main.py it will run automatically when the Pico is connected to power, you won't need to start it in Thonny. This is useful if you want to make a battery powered project that won't be connected to a PC!
Note that when using MicroPython you won't be able to copy code that you've written to your Pico by holding the button down to put it into bootloader mode and copying the file across - you'll always need to transfer it using Thonny.
Soldering the headers
To plug in our addon boards or to plug your Pico into a breadboard, your Pico will need to have headers soldered to it, with the pins sticking out of the back. Soldering headers is not hard with modern PCBs and we'd encourage you to give it a go (but if you'd rather skip the soldering, we should have pre-soldered Picos available very shortly).
Your headers might come pre-separated into two 20 pin lengths, or in one long length. If it's the latter, you can separate them in to two lengths with side cutters (it's also possible to break them apart with sturdy scissors, or even your thumbnail).
You'll need to solder your headers so that the pins are sticking out of the back of the Pico, with the long pins sticking out of the side with the labels and the soldering itself on the side with the button. The pins should be at right angles to the Pico so that they can plug into things nicely. Using a breadboard to hold the pins in place while you solder is a good way of making sure things remain square while soldering, but you can also use a large blob of blu-tack or similar to hold things together (or even a helping hand, if you're fancy).
Poke the long ends of your two lengths of header into your breadboard, the same width apart as the two rows of holes on your Pico.
Place your Pico on top of the short ends with the button and the raspberry facing upwards.
Make sure your workspace has adequate ventilation and consider wearing eye protection as solder can sometimes behave unexpectedly. Once you're ready to start soldering, make sure to tin the end of your iron - wait until it's up to temperature, melt a little bit of solder onto the tip and then clean off the excess using your tip cleaner. You're ready to go!
You'll want to position your soldering iron so it's applying heat evenly to the header pin and the pad on the board, and then hold it in place for a few seconds. You can then feed a little bit of solder into the place where the pad, the iron and the header pin meet - don't go overboard with the solder, you only need a tiny bit and you can always add more later. The solder should flow satisfyingly down the iron and form a joint between the pad and the pin.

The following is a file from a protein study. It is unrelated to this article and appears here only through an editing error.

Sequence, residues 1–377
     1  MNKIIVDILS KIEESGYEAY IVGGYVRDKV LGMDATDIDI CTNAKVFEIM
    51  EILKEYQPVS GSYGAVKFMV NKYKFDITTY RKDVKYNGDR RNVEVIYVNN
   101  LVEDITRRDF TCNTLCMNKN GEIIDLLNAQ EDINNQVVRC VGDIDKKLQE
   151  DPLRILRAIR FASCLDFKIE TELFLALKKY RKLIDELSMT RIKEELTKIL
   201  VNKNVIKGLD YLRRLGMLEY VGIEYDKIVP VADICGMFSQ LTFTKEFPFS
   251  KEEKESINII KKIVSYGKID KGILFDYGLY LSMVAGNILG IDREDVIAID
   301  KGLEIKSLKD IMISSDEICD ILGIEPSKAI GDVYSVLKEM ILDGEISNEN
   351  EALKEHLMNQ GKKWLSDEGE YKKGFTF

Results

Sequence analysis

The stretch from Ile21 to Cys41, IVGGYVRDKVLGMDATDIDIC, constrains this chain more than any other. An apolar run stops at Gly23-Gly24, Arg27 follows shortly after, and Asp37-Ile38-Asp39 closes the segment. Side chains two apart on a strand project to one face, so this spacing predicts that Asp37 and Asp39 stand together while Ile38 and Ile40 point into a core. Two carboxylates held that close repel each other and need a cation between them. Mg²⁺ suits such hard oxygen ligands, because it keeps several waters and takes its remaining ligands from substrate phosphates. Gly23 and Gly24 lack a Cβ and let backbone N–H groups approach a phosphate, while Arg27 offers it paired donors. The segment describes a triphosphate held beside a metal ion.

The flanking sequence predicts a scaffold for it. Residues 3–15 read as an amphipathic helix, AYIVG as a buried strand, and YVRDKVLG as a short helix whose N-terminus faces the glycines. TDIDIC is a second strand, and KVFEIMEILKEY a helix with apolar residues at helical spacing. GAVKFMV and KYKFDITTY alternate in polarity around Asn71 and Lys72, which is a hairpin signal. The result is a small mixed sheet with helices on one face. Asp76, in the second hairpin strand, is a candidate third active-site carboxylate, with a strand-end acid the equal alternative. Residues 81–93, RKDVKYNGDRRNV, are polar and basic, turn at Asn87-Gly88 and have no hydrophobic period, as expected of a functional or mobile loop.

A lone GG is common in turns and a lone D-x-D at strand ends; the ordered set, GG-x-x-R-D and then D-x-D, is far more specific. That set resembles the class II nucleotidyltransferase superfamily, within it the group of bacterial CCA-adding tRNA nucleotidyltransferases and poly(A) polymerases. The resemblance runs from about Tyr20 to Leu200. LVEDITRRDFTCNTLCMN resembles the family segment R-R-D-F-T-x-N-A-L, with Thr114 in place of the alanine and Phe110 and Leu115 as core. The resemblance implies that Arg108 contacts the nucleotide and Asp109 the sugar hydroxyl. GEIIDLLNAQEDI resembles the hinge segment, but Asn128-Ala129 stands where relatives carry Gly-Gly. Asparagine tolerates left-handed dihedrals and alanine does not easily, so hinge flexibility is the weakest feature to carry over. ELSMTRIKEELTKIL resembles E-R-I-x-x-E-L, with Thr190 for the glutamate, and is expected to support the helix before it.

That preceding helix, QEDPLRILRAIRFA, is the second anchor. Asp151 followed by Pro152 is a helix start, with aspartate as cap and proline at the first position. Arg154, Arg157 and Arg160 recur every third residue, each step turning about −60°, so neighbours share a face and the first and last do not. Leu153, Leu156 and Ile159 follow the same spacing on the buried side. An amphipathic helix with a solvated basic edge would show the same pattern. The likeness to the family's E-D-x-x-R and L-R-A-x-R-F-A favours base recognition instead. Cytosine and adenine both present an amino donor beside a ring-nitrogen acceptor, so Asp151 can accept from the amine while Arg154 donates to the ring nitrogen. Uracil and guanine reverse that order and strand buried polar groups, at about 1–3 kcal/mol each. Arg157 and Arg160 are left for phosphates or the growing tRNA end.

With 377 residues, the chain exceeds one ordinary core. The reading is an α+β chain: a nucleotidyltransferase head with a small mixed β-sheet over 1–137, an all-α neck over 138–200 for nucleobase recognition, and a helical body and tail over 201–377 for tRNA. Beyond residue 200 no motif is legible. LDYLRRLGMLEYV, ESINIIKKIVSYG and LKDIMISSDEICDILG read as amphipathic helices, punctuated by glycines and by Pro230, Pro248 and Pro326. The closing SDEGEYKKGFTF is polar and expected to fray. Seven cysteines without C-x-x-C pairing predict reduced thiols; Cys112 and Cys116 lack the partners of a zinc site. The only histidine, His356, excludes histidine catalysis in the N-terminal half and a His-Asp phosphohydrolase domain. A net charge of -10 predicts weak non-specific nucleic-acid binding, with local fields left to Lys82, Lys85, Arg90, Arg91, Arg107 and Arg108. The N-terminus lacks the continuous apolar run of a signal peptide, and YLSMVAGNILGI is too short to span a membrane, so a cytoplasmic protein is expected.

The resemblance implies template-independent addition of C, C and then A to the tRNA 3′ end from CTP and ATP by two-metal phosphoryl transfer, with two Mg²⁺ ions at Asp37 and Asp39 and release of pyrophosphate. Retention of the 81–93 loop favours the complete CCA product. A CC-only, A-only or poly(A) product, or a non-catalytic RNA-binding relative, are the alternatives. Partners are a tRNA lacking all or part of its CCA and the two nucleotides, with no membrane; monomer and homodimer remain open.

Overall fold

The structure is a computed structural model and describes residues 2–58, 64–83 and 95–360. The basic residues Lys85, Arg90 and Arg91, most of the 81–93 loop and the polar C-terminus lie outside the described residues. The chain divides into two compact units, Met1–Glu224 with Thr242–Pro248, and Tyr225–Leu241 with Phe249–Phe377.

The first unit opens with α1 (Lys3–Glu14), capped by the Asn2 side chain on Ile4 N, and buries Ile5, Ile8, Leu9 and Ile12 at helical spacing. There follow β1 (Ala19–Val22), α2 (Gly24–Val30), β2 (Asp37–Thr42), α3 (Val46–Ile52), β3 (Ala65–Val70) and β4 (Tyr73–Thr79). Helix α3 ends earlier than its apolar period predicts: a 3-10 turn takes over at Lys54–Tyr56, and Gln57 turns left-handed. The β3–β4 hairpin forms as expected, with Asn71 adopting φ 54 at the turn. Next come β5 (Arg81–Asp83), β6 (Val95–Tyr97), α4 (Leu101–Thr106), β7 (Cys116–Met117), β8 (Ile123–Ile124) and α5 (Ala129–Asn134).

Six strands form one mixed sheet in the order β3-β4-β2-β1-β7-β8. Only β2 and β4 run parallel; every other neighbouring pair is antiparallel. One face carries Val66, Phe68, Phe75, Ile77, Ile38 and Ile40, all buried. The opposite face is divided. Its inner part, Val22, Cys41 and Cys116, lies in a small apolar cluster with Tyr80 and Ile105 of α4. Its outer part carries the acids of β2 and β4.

We'd suggest soldering one pin at each end, and then checking again to make sure the headers are square. You can adjust them at this point if you need to, but you won't be able to later. Once you're satisfied that everything is 90°, go ahead and solder the rest of the pins.
When you're done, check your solder joints from all angles. A good joint should surround the pin on all sides, and ideally should be shaped like a squat little cone. If you have joints that don't quite surround the pin, heat up the solder again to reflow it, and hopefully it will fill the gaps. If it doesn't, you can add a bit more solder (but try reflowing the solder on its own first). You'll also want to check for solder joints that touch and bridge two pins - if you have any of these you can fix them by holding your iron to the middle of the unwanted join for a second or two, which should make the two blobs separate.
When removing your Pico from the breadboard we'd suggest holding on to the long edges and rocking it gently from side to side whilst pulling upwards slowly - try to avoid putting too much pressure on the pins at the ends as these are most liable to bend. If they do get bent you can bend them back, but doing this too many times can cause metal fatigue.
Using Pimoroni Bases and Packs
Once your Pico has headers attached, it's fully equipped for plugging into one of our Packs or Bases. All our Pico addons have markings that should make it obvious which way round you need to plug it in - here is a upside down Display Pack, ready for plugging in to a Pico (the surfaces shown in the photo below will be on the inside of the Pico+Pack sandwich).
Double check you've got the male and female headers lined up, and push on the edges of the board to join them together (if you're using a Display Pack, take care not to apply pressure to the screen).
Pico landing areas on Bases are similarly marked, just match up the markings on the PCB to figure out which way round the Pico should go.